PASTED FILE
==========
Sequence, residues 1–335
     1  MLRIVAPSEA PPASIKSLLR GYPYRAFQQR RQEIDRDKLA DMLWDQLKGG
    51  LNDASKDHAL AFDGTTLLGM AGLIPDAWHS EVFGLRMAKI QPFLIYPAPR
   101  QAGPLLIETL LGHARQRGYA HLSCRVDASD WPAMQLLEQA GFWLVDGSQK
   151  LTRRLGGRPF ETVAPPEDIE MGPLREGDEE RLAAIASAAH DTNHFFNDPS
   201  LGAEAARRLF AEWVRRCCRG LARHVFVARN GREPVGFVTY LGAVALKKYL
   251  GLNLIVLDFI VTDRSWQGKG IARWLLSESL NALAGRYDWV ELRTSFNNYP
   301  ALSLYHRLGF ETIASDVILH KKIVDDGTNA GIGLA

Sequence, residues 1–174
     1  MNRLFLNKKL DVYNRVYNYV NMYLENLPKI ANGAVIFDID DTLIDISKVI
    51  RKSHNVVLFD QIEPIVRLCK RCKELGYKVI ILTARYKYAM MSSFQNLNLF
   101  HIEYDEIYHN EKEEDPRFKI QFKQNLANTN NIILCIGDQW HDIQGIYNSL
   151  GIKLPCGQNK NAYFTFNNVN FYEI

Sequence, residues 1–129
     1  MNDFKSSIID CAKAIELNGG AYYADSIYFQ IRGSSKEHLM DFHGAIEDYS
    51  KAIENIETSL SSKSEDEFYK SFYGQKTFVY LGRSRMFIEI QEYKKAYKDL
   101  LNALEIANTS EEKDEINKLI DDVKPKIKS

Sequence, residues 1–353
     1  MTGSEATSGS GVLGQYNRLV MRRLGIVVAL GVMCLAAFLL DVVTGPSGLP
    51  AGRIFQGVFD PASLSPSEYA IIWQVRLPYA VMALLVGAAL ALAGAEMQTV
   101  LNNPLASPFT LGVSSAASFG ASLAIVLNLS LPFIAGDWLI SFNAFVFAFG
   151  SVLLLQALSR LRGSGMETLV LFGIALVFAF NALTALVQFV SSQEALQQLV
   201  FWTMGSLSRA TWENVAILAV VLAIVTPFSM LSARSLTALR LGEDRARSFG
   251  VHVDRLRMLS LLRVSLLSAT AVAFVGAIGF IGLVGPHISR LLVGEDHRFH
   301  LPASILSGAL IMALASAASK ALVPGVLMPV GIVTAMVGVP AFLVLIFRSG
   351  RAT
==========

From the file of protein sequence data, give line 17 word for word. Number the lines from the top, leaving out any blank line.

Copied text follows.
   101  LNALEIANTS EEKDEINKLI DDVKPKIKS